The coalition could, of course, drop food and water – instead of bombs – from the air. One could also arrange for a short cease-fire, so as to bring the humanitarian aid into the besieged city. But that has been forbidden by Donald Rumsfeld, another great humanitarian. So there is really no alternative but to bomb them until they are ripe for aid.

Masters and natives.

As a preview of the humanitarian aid to come after the occupation of Basra, the British have distributed a film about the arrival of aid to a village on the way. They were so satisfied with this piece of reporting, that they ran it dozens of times on TV.

It looks like this: a British truck brings food and water. The villagers, mainly desperate women and children, besiege the truck. They beg for water. The soldiers distribute mineral water to the maddened crowd–one bottle to every child and woman. After days of thirst, one (one!) liter per family.

The whole scene is nauseating. The hunger and thirst of the population, caught in the middle of the fighting, are exploited for crude propaganda. The British look again as they have always looked in Iraq: overbearing colonial masters, doing a favor to the natives. For every Arab beholder, this is the ultimate humiliation.

Robbing for the robbed. In order to finance everything–the destruction, the reconstruction, the humanitarian aid and what not–money is needed. Where will it come from? From the Iraqi oil, of course.

Therefore, it is the humanitarian duty of the Americans to take hold of the oil fields as quickly as possible. Not for their own good, perish the thought, but for the Iraqis. In order to help them and do good.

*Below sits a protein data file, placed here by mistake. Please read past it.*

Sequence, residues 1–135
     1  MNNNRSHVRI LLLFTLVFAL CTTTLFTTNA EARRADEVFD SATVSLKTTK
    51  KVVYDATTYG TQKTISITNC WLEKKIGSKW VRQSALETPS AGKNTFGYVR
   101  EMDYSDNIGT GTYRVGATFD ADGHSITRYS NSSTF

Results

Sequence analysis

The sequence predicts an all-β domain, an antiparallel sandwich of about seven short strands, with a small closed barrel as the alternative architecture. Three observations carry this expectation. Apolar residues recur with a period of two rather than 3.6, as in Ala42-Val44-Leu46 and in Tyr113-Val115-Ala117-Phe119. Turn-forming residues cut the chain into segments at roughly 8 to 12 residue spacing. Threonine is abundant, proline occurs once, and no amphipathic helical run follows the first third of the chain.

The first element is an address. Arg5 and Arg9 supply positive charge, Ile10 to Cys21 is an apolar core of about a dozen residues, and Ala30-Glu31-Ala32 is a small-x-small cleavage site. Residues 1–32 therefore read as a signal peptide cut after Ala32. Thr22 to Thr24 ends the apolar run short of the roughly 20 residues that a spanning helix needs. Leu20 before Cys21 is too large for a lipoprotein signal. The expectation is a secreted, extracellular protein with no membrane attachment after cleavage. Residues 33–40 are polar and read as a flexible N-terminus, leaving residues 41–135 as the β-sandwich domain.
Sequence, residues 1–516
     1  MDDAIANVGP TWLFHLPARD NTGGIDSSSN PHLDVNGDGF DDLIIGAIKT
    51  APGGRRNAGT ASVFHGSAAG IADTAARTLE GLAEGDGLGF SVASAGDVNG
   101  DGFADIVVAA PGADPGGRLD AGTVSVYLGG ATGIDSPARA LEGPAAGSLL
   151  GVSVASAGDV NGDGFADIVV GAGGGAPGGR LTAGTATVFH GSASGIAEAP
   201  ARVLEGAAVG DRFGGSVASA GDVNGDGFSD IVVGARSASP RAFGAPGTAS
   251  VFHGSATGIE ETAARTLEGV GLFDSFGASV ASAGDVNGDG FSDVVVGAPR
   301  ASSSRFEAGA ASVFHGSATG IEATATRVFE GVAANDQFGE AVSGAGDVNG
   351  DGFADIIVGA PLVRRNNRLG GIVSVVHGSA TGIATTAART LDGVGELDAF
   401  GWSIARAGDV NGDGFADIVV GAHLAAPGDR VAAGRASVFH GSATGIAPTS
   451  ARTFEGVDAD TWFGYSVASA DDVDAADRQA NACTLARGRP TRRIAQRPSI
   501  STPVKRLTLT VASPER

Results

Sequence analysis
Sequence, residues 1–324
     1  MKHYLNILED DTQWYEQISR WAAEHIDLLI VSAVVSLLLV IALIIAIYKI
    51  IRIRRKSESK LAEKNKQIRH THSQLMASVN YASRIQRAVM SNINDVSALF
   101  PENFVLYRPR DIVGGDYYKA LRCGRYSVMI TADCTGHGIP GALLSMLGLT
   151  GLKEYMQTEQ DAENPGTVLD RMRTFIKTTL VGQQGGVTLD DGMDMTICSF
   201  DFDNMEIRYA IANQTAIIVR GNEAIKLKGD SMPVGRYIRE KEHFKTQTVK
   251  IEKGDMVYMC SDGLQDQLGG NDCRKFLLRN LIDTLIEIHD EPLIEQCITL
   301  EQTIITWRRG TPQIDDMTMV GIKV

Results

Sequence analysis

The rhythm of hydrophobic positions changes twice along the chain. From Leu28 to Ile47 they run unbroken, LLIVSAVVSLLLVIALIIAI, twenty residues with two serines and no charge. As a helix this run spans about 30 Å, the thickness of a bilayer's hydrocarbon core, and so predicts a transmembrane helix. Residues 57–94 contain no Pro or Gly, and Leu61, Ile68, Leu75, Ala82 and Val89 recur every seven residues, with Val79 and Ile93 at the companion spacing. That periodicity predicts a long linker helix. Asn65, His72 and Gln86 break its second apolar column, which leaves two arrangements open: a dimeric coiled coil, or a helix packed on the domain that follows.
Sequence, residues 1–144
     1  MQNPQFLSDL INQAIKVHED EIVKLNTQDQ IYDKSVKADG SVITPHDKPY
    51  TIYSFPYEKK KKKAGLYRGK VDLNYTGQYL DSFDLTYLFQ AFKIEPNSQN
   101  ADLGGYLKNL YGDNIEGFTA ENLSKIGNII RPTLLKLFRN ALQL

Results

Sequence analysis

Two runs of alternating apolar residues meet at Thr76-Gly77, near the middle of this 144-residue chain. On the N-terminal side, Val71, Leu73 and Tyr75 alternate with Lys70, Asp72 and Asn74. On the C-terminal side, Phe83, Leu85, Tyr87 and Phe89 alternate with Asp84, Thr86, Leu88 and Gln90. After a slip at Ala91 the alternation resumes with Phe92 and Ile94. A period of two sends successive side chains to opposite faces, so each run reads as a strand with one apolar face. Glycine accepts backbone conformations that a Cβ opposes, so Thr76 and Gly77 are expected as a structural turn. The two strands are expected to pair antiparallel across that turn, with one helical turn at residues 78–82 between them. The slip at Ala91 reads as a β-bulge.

Every child knows by now that this war is about oil. The US intends to take possession of the Iraqi reserves, the second largest in the world (after the Saudi reserves), and control the neighboring reserves of the Caspian Sea, Iran and the Gulf. Now it appears that it is all for the benefit of the Iraqi people themselves. So that they shall have something to eat and medicines for the children.

All this after the UN sanctions, imposed as demanded by the Americans, that have for many years caused general malnutrition, the death of hundred of thousands of children from hunger and disease and the destruction of the Iraqi infrastructure – all in the name of "oil for food".

Oh, Orwell, Orwell.

What would he have said about this war?

In his book "1984", he had the Ministry of Truth coin phrases like "War is Peace", Freedom is Slavery" and "Ignorance is Power". He would be right at home in this war.

Occupation is Liberation, War is a Humane Duty, Toppling a foreign government is Regime Change, Starvation is Humanitarian Aid, Struggle against a foreign invader is Serving a Tyrant, Bombing a city is Service to the People.

Truth is always the first victim of any war. But it seems that in this particular war it suffers even more than usual. Mendacity, hypocrisy, dis-information and plain brainwashing are having a ball. Four-star generals parrot manifestly mendacious slogans, star-journalist from all over the world accept them eagerly, world TV networks repeat them diligently and the Israeli media lap it all up.

Bon appetite.

URI AVNERY has closely followed the career of Sharon for four decades. Over the years, he has written three extensive biographical essays about him, two (1973, 1981) with his cooperation. Avnery is featured in the new book, The Other Israel: Voices of Refusal and Dissent.